The workflows in JITT are simplified versions of standard business workflows that may exist for the organization, such as a purchasing process or examination script process, except that their nodes may link to metadata about the concepts being dealt with at this point of the workflow.
This means that the user can maintain some level of control over the way that their student model is interpreted by JITT.
The current JITT prototype has two sources of evidence about the user's knowledge.
However, in JITT, the nature of the learning and the use of workflows to define the granularity of learning tasks makes it easier for the teacher to define concepts (and hence metadata) at the right grain size.
The design of JITT and its underlying architecture is intended to exploit existing document bases within organizations.
This means that the teacher has only to invest modest amounts of time in marking up documents and it also means that, in practice, JITT tends to have few documents to choose from.
At the push interface of JITT, the teaching agent presents links to the documents it recommends for the current stage of each active workflow.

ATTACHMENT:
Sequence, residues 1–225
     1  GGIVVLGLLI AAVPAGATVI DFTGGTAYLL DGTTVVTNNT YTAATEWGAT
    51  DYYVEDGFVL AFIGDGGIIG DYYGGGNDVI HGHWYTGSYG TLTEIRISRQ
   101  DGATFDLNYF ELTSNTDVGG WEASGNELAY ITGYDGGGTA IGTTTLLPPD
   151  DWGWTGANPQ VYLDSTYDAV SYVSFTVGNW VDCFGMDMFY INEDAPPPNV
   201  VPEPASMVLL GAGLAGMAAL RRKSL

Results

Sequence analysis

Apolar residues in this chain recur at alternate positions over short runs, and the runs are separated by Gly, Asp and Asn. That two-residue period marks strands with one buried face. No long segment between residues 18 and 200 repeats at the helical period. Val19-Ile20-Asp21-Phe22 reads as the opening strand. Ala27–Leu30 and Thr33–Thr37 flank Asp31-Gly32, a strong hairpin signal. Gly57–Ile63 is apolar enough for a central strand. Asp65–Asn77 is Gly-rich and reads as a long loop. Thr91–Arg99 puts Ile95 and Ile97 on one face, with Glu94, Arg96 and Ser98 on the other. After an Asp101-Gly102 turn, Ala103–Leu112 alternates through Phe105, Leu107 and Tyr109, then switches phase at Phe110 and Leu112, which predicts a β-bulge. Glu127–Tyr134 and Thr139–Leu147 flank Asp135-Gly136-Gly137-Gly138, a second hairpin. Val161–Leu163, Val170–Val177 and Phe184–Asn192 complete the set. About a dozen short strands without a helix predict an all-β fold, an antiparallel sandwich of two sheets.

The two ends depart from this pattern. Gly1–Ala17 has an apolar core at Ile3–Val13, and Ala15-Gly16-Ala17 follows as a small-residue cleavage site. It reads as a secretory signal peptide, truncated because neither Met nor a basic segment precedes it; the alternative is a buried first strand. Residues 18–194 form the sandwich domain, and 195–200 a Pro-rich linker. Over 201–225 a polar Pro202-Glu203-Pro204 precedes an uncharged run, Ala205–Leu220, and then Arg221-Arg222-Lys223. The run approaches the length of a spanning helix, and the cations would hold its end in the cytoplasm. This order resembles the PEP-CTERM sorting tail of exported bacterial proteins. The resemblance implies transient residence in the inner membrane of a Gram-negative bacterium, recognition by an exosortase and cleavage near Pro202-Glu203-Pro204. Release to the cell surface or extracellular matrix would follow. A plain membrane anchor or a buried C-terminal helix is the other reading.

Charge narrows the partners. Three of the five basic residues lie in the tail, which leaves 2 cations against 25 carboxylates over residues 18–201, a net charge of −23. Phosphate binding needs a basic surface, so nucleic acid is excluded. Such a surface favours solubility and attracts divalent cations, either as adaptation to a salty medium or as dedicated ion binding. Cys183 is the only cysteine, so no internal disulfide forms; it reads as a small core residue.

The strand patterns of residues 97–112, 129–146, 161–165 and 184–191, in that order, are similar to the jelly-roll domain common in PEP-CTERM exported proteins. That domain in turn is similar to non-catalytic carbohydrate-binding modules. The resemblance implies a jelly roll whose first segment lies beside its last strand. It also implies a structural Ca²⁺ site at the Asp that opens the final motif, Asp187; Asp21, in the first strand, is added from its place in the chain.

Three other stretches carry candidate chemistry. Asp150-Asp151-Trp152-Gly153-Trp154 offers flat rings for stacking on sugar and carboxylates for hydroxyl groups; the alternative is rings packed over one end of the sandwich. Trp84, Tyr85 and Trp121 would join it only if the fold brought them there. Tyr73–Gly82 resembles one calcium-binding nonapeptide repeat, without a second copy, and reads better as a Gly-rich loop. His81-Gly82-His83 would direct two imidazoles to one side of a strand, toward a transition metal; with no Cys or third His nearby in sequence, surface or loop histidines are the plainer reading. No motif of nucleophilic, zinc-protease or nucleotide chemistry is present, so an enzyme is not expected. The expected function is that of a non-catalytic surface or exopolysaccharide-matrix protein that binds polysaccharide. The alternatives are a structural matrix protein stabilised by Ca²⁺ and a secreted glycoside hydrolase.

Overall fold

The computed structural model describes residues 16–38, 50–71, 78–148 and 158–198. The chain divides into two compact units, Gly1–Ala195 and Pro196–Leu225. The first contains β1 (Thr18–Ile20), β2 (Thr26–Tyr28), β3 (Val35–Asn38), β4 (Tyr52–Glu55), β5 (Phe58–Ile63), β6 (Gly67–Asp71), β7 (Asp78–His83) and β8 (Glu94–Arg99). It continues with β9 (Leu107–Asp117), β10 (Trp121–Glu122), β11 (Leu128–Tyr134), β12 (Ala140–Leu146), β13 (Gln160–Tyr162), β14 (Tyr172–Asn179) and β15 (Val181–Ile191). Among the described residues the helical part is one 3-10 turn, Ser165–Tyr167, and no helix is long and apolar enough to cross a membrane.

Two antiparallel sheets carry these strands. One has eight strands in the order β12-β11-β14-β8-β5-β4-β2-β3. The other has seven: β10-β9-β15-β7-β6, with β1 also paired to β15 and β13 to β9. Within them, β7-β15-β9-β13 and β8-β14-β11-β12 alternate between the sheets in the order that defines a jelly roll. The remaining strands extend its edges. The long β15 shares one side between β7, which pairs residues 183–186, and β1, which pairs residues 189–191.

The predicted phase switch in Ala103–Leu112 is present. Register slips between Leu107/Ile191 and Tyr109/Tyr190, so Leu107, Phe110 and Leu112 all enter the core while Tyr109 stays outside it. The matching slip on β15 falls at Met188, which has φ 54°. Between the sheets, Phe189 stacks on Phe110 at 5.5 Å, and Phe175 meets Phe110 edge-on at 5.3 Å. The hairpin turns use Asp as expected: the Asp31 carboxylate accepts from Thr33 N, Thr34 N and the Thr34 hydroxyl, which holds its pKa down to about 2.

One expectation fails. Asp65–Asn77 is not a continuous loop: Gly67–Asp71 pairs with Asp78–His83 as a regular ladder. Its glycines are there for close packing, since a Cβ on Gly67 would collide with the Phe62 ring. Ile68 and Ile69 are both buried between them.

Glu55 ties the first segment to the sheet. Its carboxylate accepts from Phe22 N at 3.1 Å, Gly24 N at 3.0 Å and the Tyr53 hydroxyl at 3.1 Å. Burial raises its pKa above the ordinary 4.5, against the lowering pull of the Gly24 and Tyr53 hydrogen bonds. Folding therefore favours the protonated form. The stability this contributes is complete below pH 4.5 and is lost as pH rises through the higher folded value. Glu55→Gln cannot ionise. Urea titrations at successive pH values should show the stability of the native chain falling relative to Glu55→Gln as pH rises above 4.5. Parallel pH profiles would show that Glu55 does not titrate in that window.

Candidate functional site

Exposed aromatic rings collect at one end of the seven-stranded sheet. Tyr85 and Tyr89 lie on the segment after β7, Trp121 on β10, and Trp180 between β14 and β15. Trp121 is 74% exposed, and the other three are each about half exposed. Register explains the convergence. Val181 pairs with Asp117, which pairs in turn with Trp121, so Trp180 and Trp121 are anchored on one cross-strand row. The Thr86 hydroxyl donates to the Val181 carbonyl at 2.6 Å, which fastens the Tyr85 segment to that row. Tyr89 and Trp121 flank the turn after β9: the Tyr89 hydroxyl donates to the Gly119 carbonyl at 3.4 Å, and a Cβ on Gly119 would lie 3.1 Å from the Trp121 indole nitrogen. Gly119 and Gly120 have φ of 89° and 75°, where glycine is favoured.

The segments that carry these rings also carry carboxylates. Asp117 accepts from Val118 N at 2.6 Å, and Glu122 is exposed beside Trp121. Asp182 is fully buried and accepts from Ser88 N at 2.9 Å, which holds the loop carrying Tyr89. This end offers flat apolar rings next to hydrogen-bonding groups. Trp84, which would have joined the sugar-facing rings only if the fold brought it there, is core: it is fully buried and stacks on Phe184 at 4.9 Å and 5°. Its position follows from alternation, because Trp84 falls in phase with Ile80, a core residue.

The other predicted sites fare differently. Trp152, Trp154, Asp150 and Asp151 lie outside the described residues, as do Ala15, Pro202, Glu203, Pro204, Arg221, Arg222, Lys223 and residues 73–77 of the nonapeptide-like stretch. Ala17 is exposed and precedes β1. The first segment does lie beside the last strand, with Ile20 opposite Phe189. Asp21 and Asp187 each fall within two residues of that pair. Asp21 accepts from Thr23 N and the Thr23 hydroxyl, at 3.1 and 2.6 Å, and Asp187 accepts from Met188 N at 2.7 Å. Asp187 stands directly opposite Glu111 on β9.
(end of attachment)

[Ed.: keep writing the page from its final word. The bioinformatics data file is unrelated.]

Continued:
If the JITT model for the user indicates that the user knows all the concepts for the current stage in the workflow, it continues to show the user that stage but does not display any documents.
Importantly, we have designed JITT so that the user can always change the teaching agent to select the presentation strategy they prefer.
The JITT teaching agents are based upon the Scrutable Adaptive Teaching System approach (Holden, & Kay, 1999; Holden, & Kay, 2001; Lum, Holden, & Kay, 2002).
Their workflow was deployed in a university course environment, whereas the goal of the users in JITT was to accomplish a certain business activity.
In other words, although that work involves different interface modalities, it too has forms of both the push and pull mode of information delivery available in JITT.